Since only arrays appear in the string constraints, during the conversion to first order formulas, pointers are associated to arrays. The string_constraint_generatort object keeps track of this association. It can either be set manually using the primitives cprover_associate_array_to_pointer or a fresh array is created.

Refinement loop

We use super_dec_solve and super_get to denote the methods of the underlying solver (bv_refinementt by default). The refinement loop relies on functions string_refinementt::check_axioms which returns true when the set of quantified constraints q is satisfied by the valuation given bysuper_get and string_refinementt::instantiate which gives propositional formulas implied by a string constraint. If the following algorithm returns SAT or UNSAT, the given constraints are SAT or UNSAT respectively:

is_SAT(unquantified_constraints uq, quantified_constraints q)
cur <- uq;
while(limit--) > 0
if(check_axioms(q, super_get))
for(axiom in q)
return SAT;
return UNSAT;
return ERROR;
resultt::D_SATISFIABLE if the constraints are satisfiable, resultt::D_UNSATISFIABLE if they are unsatisfiable, resultt::D_ERROR if the limit of iteration was reached.


This is done by generate_instantiations(const index_set_pairt &index_set, const string_axiomst &axioms, const std::unordered_map<string_not_contains_constraintt, symbol_exprt> &not_contain_witnesses). The string refinement decision procedure works with two types of quantified axioms, which are of the form \(\forall x.\ P(x)\) (string_constraintt) or of the form \(\forall x. P(x) \Rightarrow \exists y .s_0[x+y] \ne s_1[y] \) (string_not_contains_constraintt). They are instantiated in a way which depends on their form:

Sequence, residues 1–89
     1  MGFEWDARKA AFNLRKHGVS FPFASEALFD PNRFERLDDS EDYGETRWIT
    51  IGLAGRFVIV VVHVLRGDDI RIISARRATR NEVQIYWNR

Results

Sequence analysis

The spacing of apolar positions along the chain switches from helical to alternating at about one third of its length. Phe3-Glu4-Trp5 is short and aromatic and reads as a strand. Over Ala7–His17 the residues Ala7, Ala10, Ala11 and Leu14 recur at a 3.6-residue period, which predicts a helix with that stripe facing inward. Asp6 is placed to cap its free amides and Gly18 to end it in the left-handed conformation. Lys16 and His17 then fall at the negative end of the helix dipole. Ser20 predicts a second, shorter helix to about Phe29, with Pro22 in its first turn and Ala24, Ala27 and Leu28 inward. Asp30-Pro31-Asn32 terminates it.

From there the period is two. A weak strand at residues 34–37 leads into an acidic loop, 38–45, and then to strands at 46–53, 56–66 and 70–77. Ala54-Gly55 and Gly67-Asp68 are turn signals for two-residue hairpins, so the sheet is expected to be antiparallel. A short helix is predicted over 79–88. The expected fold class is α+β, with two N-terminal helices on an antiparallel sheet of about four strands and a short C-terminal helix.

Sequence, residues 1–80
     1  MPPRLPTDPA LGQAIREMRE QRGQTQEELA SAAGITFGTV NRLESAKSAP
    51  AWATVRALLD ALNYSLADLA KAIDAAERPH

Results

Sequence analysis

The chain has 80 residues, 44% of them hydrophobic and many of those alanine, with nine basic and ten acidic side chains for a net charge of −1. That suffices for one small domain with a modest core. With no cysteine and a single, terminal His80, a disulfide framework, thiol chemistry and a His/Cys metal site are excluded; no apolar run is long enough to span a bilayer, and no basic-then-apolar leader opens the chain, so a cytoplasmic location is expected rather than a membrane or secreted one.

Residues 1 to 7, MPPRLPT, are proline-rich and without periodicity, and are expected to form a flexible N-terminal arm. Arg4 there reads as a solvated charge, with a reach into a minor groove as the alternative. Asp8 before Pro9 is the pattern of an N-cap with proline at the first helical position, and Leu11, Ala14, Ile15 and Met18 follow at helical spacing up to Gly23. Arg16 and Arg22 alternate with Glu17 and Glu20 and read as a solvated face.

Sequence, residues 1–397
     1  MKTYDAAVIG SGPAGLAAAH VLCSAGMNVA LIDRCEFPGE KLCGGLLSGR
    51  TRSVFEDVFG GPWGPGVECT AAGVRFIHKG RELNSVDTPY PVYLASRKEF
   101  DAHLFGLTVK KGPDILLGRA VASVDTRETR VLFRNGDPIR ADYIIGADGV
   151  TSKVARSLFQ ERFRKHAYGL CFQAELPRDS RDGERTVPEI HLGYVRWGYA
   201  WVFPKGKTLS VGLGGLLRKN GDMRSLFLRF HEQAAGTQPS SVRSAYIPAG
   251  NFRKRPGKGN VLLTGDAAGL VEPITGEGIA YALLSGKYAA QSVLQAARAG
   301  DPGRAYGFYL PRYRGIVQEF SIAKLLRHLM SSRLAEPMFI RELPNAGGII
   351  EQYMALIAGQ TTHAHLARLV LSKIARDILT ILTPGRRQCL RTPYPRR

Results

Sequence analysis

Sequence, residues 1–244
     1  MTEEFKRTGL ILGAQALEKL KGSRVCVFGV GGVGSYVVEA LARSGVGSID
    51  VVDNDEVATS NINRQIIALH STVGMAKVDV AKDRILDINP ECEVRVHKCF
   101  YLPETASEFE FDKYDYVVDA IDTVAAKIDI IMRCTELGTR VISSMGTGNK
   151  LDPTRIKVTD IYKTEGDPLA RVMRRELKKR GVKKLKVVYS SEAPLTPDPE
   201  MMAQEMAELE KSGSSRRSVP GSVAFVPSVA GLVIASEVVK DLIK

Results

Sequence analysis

For formulas of the form \(\forall x. P(x) \Rightarrow \exists y .s_0[x+y] \ne s_1[y]) \) we need to look at the index set of both s_0 and s_1. (See instantiate(const string_not_contains_constraintt&,const index_set_pairt&,const std::map<string_not_contains_constraintt, symbol_exprt>&) for details)

Axiom check

For each string_constraint a:

Floatbv Directory

This library contains the code that is used to convert floating point variables (floatbv) to bit vectors (bv). This is referred to as ‘bit-blasting’ and is called in the solver code during conversion to SAT or SMT. It also contains the abstraction code described in the FMCAD09 paper.